Reimplementing LINQ to Objects: Part 27 – Reverse

Time for a change of pace after the deep dive into sorting. Reversing is pretty simple… which is not to say there’s nothing to discuss, of course.

What is it?

Reverse only has a single, simple signature:

public static IEnumerable<TSource> Reverse<TSource>(
    this IEnumerable<TSource> source)

The behaviour is pretty simple to describe:

  • source cannot be null; this is validated eagerly.
  • The operator uses deferred execution: until you start reading from the result, it won’t read anything from the input sequence
  • As soon as you start reading from the result sequence, the input sequence is read in its entirety
  • The result sequence contains all the elements of the input sequence, in the opposite order. (So the first element of the result sequence is the last element of the input sequence.)

The third point is the most interesting. It sounds like an obvious requirement just to get it to work at all – until you think of possible optimizations. Imagine if you implemented Reverse with an optimization for arrays: we know the array won’t change size, and we can find out that size easily enough – so we could just use the indexer on each iteration, starting off with an index of "length – 1" and decrementing until we’d yielded every value.

LINQ to Objects doesn’t behave this way – and that’s observable because if you change the value of the array after you start iterating over the result sequence, you don’t see those changes. Deferred execution means that you will see changes made to the array after the call to Reverse but before you start iterating over the results, however.

Note that the buffering nature of this operator means that you can’t use it on infinite sequences – which makes sense when you think about it. What’s the last element of an infinite sequence?

What are we going to test?

Most of the tests are pretty obvious, but I have one test to demonstrate how the timing of changes to the contents of the input sequence affect the result sequence:

[Test]
public void ArraysAreBuffered()
{
    // A sneaky implementation may try to optimize for the case where the collection
    // implements IList or (even more "reliable") is an array: it mustn’t do this,
    // as otherwise the results can be tainted by side-effects within iteration
    int[] source = { 0, 1, 2, 3 };

    var query = source.Reverse();
    source[1] = 99; // This change *will* be seen due to deferred execution
    using (var iterator = query.GetEnumerator())
    {
        iterator.MoveNext();
        Assert.AreEqual(3, iterator.Current);

        source[2] = 100; // This change *won’t* be seen               
        iterator.MoveNext();
        Assert.AreEqual(2, iterator.Current);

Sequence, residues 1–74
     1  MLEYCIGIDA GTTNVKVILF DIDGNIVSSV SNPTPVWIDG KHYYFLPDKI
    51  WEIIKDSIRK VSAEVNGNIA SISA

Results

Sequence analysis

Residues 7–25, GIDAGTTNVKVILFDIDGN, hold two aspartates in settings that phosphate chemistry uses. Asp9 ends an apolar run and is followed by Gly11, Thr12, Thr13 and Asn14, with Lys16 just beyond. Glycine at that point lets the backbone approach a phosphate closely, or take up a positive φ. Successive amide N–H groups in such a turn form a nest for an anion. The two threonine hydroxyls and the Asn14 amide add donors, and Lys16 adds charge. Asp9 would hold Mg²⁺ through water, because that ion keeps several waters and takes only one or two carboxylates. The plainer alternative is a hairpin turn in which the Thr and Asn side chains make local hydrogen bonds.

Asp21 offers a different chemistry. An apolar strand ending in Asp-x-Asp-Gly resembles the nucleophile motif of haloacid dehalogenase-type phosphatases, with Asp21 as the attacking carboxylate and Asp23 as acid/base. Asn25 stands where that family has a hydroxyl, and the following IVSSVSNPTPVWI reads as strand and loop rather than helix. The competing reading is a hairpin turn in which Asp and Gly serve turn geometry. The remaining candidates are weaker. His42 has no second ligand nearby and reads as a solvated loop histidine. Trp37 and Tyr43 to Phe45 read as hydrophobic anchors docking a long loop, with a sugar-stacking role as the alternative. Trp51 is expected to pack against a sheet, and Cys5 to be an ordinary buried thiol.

iterator.MoveNext();
        Assert.AreEqual(99, iterator.Current);

        iterator.MoveNext();
        Assert.AreEqual(0, iterator.Current);
    }
}

If you can think of any potentially-surprising tests, I’d be happy to implement them – there wasn’t much I could think of in terms of corner cases.

Let’s implement it!

Eager validation of source combined with deferred execution suggests the normal implementation of splitting the operator into two methods – I won’t bother showing the public part, as it only does exactly what you’d expect it to. However, to make up for the fact that Reverse is so simple, I’ll present three implementations of the "Impl" method.

First, let’s use a collection which performs the reversing for us automatically: a stack. The iterator returned by Stack<T> returns items in the order in which they would be seen by multiple calls to Pop – i.e. the reverse of the order in which they were added. This makes the implementation trivial:

private static IEnumerable<TSource> ReverseImpl<TSource>(IEnumerable<TSource> source)
{
    Stack<TSource> stack = new Stack<TSource>(source);
    foreach (TSource item in stack)
    {
        yield return item;
    }
}

Again, with "yield foreach" we could have done this in a single statement.

Next up, a linked list. In some ways, using a linked list is very natural – you never need to resize an array, or anything like that. On the other hand, we have an extra node object for every single element, which is a massive overhead. It’s not what I’d choose to use for production in this case, but it’s worth showing:

private static IEnumerable<TSource> ReverseImpl<TSource>(IEnumerable<TSource> source)
{
    LinkedList<TSource> list = new LinkedList<TSource>(source);
    LinkedListNode<TSource> node = list.Last; // Property, not method!
    while (node != null)
    {
        yield return node.Value;
        node = node.Previous;
    }
}

Finally, a more "close to the metal" approach using our existing ToBuffer method:

private static IEnumerable<TSource> ReverseImpl<TSource>(IEnumerable<TSource> source)
{
    int count;
    TSource[] array = source.ToBuffer(out count);
    for (int i = count – 1; i >= 0; i–)
    {
        yield return array[i];
    }
}